Hearings opened this week on Governor Sam Brownback’s revenue proposals in the Senate Assessment and Taxation Committee (SB 78) and continue Wednesday in the House Taxation Committee (HB 2110). KASB’s testimony as a proponent of the Governor’s plan generated considerable surprise, and some dismay from those who oppose the Governor’s plan, including his goal of eliminating state income taxes entirely. Democrat leaders also point to a new projection by the Kansas Legislative Research Department showing the Governor’s proposed additional income tax cuts would create an $800 million shortfall in 2018.
In this post, I explain what KASB’s said about the state tax and budgets situation and why, and what we will say in hearings in this week.
Kansas faces a serious budget shortfall under current law.
The official consensus revenue estimate released in November projects state revenues for next fiscal year, ending June 30, 2014, will be $705 million, or 11.4%, lower than revenues in the current year (FY 2013) for two major reasons: the scheduled drop in the state sales tax rate from 6.3% to 5.7% and the full impact of last session’s reduction of income tax rates. Legislative Research estimates that with adjustments for mandatory spending, the Legislature will have to cut spending or raise revenue equal to $267.3 million to avoid a state general fund deficit at the end of FY 2014. However, that assumes spending down the entire FY 2013 ending balance of $505 million. Because those one time balances would not available the following year, at least several hundred million in additional spending cuts or revenue increases would be required in FY 2015.
Under state law, the Governor is required to submit a budget with a 7.5% ending balance and no tax increase. Governor Brownback’s “statutory” budget for FY 2014 meets this obligation by proposing an 8.3% across-the-board cut for all agencies. The Department of Education would lose $247.9 million; equal to a $365 cut in the base budget per pupil, or about 6.2% of school districts operating budgets (general fund, local option budgets and special education). The Governor’s “real” budget avoids this by using over $100 million in state highway funds to pay for school district transportation aid, by keeping the sales tax in place and removing deductions, and other budget steps.
School operating budgets have already absorbed significant cuts.
School district general fund budgets are $190 million, or 6.8%, below the high level of funding 2009. (Each district’s general fund is determined by multiplying weighted enrollment by the base budget per pupil, and funded by the 20 mill statewide property tax, other local effort revenues, and general state aid.) School districts have partially offset those reductions by raising Local Option Budgets over $95 million. Special education state aid is largely unchanged since 2009, due to federal maintenance of effort requirements. As a result, school district operating budgets (general fund, LOB and special ed aid combined) are 2.3% below 2009.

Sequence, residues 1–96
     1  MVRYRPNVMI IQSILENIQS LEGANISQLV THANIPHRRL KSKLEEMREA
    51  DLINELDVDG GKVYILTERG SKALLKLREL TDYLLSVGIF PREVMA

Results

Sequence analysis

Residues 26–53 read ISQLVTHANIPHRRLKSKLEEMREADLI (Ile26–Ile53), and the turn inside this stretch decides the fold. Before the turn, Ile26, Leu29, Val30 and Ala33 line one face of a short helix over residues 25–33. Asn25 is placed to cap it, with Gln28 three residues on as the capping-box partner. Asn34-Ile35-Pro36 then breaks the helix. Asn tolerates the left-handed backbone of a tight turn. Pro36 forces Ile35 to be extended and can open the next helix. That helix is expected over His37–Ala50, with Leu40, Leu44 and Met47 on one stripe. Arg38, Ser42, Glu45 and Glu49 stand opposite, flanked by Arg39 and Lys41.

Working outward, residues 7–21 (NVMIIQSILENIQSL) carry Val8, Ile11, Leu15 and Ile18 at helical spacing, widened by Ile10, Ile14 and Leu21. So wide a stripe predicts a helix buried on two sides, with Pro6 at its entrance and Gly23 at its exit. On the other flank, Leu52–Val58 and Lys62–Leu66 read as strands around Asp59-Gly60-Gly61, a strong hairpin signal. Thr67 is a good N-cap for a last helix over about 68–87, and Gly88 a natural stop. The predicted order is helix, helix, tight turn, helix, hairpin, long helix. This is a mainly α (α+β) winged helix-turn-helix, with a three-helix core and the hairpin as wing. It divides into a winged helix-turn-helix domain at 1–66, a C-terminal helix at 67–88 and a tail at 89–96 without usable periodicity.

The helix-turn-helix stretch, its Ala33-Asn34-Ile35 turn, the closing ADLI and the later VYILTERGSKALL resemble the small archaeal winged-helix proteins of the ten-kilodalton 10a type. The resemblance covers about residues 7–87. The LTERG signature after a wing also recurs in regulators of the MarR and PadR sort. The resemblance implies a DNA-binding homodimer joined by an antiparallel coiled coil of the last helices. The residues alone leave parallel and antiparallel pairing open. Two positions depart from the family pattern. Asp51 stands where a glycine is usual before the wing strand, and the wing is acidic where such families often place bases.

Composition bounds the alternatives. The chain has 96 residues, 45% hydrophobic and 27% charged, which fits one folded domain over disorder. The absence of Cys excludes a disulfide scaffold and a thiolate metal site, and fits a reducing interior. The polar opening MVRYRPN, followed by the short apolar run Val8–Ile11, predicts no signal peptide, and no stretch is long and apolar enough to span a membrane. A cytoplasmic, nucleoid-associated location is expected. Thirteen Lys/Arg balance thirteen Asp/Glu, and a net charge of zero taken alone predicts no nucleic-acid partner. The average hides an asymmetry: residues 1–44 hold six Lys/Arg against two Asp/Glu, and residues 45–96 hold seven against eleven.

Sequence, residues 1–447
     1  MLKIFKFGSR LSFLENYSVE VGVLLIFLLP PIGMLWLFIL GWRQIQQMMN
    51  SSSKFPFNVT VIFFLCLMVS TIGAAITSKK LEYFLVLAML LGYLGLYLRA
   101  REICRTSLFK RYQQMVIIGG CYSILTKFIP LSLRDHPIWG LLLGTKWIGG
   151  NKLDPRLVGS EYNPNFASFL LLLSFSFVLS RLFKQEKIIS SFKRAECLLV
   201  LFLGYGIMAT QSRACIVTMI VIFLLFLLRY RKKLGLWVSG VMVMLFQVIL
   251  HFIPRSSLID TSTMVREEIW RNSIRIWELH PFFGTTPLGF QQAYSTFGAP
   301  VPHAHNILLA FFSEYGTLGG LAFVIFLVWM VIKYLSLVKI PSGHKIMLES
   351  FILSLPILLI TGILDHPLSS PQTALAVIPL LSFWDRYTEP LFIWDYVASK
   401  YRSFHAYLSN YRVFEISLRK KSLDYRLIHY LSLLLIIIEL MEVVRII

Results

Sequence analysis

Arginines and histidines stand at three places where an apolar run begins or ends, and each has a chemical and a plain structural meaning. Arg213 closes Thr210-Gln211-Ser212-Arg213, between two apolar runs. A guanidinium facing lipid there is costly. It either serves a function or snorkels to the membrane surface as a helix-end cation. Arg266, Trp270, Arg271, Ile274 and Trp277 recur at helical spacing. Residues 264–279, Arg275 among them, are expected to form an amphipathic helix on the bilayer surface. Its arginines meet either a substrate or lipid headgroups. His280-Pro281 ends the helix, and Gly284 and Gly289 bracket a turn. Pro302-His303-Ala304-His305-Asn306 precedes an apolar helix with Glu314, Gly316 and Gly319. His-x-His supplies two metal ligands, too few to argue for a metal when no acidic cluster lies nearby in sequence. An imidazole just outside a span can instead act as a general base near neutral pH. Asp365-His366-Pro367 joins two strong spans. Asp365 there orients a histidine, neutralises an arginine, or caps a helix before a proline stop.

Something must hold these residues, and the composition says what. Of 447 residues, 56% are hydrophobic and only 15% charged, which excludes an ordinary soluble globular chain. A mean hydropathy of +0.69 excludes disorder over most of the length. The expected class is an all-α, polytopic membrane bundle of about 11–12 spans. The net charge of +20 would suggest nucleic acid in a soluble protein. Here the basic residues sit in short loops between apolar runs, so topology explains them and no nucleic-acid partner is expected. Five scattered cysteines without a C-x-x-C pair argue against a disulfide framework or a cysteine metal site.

Several important facts should be noted. First, statewide enrollment has increased by almost 2% since 2009, and total weighted enrollment is up 6.8%, mainly due to more students qualifying for free lunch and counting for at-risk weighting. Second, the consumer price index increased nearly 9.3% since 2009, so the “effective” cut in funding per pupil has been much larger than the dollar amount alone. Third, because there has been no increase in LOB state aid since 2009, additional LOB funding has been entirely financed by higher property taxes. Fourth, many districts have been unable to raise more LOB funding because they are at or near the state limit.
Although district budgets and state aid for general education operations have been reduced, other areas have increased. Since 2009, state aid for bond and interest payments have increased $35 million (although $22 million in capital outlay aid was eliminated), and KPERS contributions for school district employees $86 million. When additional local revenues for bond payments, capital outlay, food services, student fees and federal programs are included, total school district spending is higher than FY 2009. However, none of these funds are available for general education programs.
School funding has declined compared to Kansas incomes.
Kansas Personal Income, which is the total income of all residents and a measure of ability to support public services, increased from $108 billion in 2009 to an estimated $125 billion this year. State aid to school districts dropped from 3.0% to 2.6% of state personal income – the lowest level since the state took over a larger share of school funding in the early 1990’s. School operating budgets (general fund, LOB and special education aid) dropped from 4% to 3.5% – the lowest level since at least the early 1970’s. Total school spending dropped from 5.2% of total personal income to 4.6%.
It should be noted that while Kansas ranked 7th nationally in four major areas of achievement, the state ranked just 27th in current spending per pupil in 2010 (the last year national data in available and before several years of funding cuts). No state had higher achievement than Kansas and spent less per pupil.
Faced with these facts, KASB’s testimony was simple: we support tax changes to avoid further reductions in K-12 funding, and to provide additional funding for the increased costs of educational improvement, equity in funding for all districts, and targeted aid for key programs.
The Governor has really made two revenue proposals.
In his budget message, the Governor proposed keeping the state sales tax rate at 6.3%, rather than dropping to 5.7% on July 1 under current law (raising $262.3 million), and eliminating the mortgage interest deduction ($162.5 million). Combined with other actions, this produces a two-year budget that maintains a 7.5% ending balance; funds the base budget per pupil, local option budget and special education state aid at current levels; and increases funding for bond and interest and KPERS contributions based on current law. While far below the level KASB supports (and the level ordered by the three-judge panel in the Gannon school finance case), simply maintaining current funding requires a significant increase in state revenues. KASB supported these or alternative measures achieve that goal.
The Governor’s second revenue proposal, which is also contained in SB 78 and HB 2110, was not part of his budget message. It would remove the state income tax deduction for real estate taxes in 2014, and then begin further income tax cuts by lower rates in 2014, 2016 and 2017. It would also require that in any year state general fund revenues grow more than four percent, the excess will be used for further income tax rate reductions.